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Céclie (Brigitte Carva), the daughter of infamous (and quite frankly
pretty mad) Doctor Orloff (Howard Vernon) fears her father is going
totally insane, but since he refuses to talk to anybody, she calls in the
village Doctor Garondet (Paco Valladares), who as a man of science might
be able to better connect to the mad scientist ... and really,
Orloff agrees to talk to Garondet and tells him he has created an
invisible man - rather accidently - who is currently his private servant
... and when Garondet is served wine and such by the invisible man, it's
no surprise that he starts to believe good old Orloff.
Then Orloff tells Garondet the unrelated story of how his daughter
Cécile (yes, above-mentioned Cécile) once died and how his forester
(Fernando Sancho) and his maid Marie (Isabel Del Río) tried to rob her
grave. But when they were at it, Cécile returned to the land of the
living, and the forester promptly stabbed her. It was his bad fortune
though that he did not manage to kill her, and she dragged herself to her
dad and blew the whistle on them both ... and they ended up in Orloff's
castle's dungeon ...
Back in the here and now, Orloff locks in Doctor Garondet, then throws
his maid (Evane Hanska) to the invisible man to see how the creature would
react to the female of the species ... a brutal rape is the answer.
Garondet though manages to get out of his room, only to be locked up in
the dungeon of the castle and left to be squashed by a set of moving
walls. Only in the last minute is he saved by Cécile, who has even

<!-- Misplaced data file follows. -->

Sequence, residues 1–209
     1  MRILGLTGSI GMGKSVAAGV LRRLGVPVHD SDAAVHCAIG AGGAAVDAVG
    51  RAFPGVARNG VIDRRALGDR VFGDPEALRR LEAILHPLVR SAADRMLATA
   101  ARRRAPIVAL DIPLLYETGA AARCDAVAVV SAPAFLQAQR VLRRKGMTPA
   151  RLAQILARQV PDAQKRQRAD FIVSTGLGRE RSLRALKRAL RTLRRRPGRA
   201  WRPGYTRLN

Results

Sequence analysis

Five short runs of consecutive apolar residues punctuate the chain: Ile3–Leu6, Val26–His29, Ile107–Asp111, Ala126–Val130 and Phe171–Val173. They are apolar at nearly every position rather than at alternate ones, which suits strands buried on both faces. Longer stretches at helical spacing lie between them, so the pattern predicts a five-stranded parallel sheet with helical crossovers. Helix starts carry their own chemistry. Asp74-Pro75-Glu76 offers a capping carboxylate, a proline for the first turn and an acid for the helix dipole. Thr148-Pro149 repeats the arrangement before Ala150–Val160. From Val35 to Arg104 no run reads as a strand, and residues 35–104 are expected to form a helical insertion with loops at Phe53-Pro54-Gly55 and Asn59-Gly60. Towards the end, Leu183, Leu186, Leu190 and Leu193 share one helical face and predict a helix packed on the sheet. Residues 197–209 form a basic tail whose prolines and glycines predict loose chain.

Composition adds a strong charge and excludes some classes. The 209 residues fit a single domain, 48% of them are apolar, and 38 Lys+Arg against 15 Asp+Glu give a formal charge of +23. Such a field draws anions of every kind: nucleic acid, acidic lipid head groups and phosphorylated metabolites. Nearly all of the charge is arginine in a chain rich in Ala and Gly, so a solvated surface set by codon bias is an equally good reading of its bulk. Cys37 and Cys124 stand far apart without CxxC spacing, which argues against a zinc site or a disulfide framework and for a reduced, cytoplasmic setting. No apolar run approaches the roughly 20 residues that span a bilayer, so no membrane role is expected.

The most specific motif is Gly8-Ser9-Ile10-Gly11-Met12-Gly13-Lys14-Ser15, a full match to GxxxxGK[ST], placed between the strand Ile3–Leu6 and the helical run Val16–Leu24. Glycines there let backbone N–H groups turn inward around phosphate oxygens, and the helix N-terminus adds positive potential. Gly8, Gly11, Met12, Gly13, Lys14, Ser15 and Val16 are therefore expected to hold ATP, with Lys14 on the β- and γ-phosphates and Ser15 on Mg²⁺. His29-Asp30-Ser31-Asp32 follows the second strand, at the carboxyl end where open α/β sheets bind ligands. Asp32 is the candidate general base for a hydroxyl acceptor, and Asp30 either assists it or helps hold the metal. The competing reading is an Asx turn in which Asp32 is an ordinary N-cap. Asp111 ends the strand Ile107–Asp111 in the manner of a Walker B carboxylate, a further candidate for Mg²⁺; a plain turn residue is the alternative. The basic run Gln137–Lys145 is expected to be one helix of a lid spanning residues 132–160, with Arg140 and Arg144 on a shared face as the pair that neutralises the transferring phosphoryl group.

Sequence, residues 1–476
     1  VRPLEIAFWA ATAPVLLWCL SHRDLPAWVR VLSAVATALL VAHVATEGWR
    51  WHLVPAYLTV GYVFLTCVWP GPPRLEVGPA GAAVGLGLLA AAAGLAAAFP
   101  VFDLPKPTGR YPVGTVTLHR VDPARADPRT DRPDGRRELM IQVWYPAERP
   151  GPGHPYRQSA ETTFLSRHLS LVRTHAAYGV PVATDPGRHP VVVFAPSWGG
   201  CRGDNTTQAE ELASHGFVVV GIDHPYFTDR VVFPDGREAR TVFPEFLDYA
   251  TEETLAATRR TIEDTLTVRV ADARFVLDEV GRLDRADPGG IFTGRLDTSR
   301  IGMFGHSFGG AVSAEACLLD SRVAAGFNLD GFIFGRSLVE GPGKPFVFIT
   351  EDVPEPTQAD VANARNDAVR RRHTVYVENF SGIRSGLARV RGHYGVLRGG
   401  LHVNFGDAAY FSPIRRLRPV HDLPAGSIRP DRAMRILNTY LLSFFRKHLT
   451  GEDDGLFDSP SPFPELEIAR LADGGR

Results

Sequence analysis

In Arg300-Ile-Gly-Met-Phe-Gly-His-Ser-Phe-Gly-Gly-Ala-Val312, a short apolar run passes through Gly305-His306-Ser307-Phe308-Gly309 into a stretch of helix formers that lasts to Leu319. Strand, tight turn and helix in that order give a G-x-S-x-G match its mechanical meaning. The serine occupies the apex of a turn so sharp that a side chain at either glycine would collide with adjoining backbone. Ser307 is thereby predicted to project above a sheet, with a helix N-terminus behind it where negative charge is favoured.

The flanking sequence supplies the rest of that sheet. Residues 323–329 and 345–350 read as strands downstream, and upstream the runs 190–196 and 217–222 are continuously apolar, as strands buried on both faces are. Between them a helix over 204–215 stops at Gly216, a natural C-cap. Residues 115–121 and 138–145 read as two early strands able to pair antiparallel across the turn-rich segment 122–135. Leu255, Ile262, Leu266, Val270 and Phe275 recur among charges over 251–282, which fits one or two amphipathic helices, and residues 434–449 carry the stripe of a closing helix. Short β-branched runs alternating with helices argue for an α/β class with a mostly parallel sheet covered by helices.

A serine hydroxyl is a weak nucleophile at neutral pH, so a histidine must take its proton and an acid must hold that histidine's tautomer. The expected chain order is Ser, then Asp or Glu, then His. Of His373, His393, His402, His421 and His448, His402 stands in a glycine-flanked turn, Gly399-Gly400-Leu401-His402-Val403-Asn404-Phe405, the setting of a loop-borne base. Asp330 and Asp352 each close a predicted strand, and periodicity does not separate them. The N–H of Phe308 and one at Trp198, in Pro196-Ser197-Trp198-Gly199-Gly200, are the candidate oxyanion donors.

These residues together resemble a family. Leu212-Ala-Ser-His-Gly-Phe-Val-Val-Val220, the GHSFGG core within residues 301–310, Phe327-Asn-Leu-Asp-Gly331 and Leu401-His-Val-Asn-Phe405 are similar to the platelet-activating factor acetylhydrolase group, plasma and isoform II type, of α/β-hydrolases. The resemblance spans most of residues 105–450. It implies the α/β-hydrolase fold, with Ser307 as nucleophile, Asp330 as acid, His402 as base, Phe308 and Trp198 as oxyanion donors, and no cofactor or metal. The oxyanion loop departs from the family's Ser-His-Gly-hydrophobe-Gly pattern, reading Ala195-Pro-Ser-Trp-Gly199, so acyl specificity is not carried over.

brought some flour to throw on the floor to see if the invisible man is
following ... and indeed he is, because after his tête-à-tête with the
maid, he has discovered a certain predilection for raping woman ... and
he's only just stopped from raping Cécile when Garondet thows flour at
him to make him visible, then knocks him out with a poker.
As it turns out, the invisible man has already set fire to the castle,
and Garondet and Cécile can only just escape while Orloff promises to
stop the creature for good, even if it costs his life ... and really,
Orloff burns to death in his castle, while the invisible man has
apparently escaped - but before dieing, Orloff still had sense enough to
let the dogs out who hound the invisible man down and tear him to pieces
If you only like solid, decently-budgeted, and well-written horror
entertainment ... you will probably hate this one.
But if you, like me, also like films from the trashy, cheap and cheesy end of
the genre, not despite but for their inconsistencies, then no doubt you
will be entertained by Orloff and the Invisible Man.
The film is typical Euro-trash, an over-clichéd blend of gothic, science fiction and
sexploitation based on a script that is best described as incoherent,
featuring actors who are best described as wooden (except for Howard
Vernon that is, who turns in his usual weird performance) and boasting
some special effects that are best described as lame (especially the
invisible man, who once visible turns out to be a weird ape-like being).
This all, combined with some atmospheric castle sets (probably the film
was set in an actual castle both for cutting costs and for giving the film
a more autheintic feel), make approx 1 1/2 hours of good entertainment.
Certainly, every now and again you can't help but laugh out loud ... but
isn't laughing a sign of being entertained ?